Factual error: The whole basis of the trial and conviction of Cameron Poe is a crock. The judge can not arbitrarily mete out a sentence that is harsher based on the ability of someone to defend him/herself. In justifying the harsher sentence because of Poe's military skills, the judge effectively says that Poe is more guilty than an average person due to his honorable and decorated service in uniform to his country. In my entire time in law school, I never read one out of the literally hundreds of cases I was assigned in which a judge issued a harsher sentence because of someone's innate or learned abilities to defend themselves. But since this was a movie court room proceeding, the fact that Poe had a witness to the fight (his wife), the fact that he was injured in the fight, and the fact that his uniform was torn and otherwise ruined as a result of the fight are never examined. A D.A. wouldn't have taken this to a grand jury on a bet, because they would have never returned an indictment or "true bill."
Factual error: After the hijacked plane departs Carson City, they are pressed for time. We can assume they fly a direct route to Lerner Airfield, not flying any doglegs. So flying over Fresno can not have been a deviation, it must be on a direct route from Carson City. Lerner Airfield, however, is exremely dry, wide-spread desert land, but such type of land doesn't exist in the lush areas of California South of Fresno, on a straight line extended from Carson City beyond Fresno.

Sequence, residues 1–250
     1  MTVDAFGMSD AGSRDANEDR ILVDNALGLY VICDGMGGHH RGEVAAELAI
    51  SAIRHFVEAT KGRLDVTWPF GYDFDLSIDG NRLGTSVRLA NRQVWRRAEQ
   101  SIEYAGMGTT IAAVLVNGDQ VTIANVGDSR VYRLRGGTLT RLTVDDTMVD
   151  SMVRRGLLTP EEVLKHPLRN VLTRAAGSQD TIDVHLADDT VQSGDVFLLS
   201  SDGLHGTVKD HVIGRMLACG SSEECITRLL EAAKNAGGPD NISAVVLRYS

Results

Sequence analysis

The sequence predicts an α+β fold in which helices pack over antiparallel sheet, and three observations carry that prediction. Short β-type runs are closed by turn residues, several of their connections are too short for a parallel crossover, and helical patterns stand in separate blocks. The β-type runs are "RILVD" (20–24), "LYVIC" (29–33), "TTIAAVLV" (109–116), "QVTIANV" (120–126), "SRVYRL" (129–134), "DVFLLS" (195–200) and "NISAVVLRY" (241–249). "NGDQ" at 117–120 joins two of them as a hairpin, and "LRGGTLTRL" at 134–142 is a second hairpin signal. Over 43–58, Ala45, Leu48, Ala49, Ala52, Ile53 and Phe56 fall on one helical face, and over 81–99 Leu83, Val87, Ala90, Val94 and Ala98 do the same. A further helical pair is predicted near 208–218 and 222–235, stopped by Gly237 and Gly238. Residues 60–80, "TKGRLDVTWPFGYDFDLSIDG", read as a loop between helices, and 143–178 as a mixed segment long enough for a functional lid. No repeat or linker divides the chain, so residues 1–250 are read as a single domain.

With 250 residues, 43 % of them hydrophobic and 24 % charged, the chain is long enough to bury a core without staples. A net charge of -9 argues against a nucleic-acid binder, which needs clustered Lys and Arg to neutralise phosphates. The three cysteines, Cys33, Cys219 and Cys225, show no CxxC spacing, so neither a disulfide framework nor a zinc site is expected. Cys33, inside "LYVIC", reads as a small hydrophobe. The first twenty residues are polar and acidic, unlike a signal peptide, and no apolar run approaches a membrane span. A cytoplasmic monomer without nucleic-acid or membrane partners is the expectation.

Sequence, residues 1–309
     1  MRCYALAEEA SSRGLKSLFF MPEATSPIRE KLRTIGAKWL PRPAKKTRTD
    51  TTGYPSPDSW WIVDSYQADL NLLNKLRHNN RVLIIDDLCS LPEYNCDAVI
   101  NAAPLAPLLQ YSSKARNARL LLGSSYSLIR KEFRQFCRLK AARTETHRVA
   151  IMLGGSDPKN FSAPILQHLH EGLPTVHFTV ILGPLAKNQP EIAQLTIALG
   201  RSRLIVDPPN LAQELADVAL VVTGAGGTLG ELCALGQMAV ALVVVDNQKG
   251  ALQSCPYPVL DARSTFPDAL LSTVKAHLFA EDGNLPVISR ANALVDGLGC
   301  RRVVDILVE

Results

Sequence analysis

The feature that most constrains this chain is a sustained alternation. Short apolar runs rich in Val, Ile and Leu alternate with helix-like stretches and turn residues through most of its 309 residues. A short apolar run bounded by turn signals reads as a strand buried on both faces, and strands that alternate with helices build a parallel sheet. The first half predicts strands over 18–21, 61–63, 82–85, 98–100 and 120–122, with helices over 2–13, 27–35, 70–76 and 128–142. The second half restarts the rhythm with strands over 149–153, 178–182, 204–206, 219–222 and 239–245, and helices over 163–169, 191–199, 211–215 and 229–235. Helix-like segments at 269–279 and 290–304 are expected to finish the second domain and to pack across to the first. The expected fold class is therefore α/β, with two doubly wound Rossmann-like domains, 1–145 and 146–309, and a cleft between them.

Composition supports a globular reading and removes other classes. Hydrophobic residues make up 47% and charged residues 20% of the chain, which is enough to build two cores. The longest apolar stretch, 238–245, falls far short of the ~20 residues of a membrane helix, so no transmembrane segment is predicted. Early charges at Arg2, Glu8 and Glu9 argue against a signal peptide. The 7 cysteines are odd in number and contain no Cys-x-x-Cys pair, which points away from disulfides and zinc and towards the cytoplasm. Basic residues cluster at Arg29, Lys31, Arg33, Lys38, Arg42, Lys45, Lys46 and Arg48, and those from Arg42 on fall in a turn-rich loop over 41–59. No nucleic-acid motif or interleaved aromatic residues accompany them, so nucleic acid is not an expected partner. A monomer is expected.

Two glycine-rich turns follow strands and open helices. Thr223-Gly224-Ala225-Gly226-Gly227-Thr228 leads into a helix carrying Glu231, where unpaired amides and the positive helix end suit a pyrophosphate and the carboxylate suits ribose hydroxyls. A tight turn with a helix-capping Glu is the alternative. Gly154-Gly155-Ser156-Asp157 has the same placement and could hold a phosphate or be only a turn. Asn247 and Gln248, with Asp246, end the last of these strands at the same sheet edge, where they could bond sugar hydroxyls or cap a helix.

Factual error: The tour plane departs Carson City, but shortly later Larkin says that the hijacked plane was over Arizona (still believing it to be the hijacked C-123, not knowing yet that the tour plane has the transponder of the C-123 on board). Even if we take the NorthWestern-most area of Arizona, that would be over 300 statute miles from Carson City. That small plane can not fly over 300 miles in that short time.
Factual error: The tour plane flies way too fast and way too close to the buttes on its scenic tour. For one thing, that prop plane type cannot fly that fast, and secondly, no tour pilot would ever fly that fast and close to the surrounding terrain. Such a tour would most definitely be operating according to Part 135 of the Federal Aviation Regulations, but even if operating under Part 91 (which a commerial tour cannot be) it would violate the FARs in terms of minimum safe altitudes, minimum lateral distance from obstacles/terrain, and the catch-all "reckless and careless" clause would apply as well. (Notice this happens already before they're confronted with the Cobras.)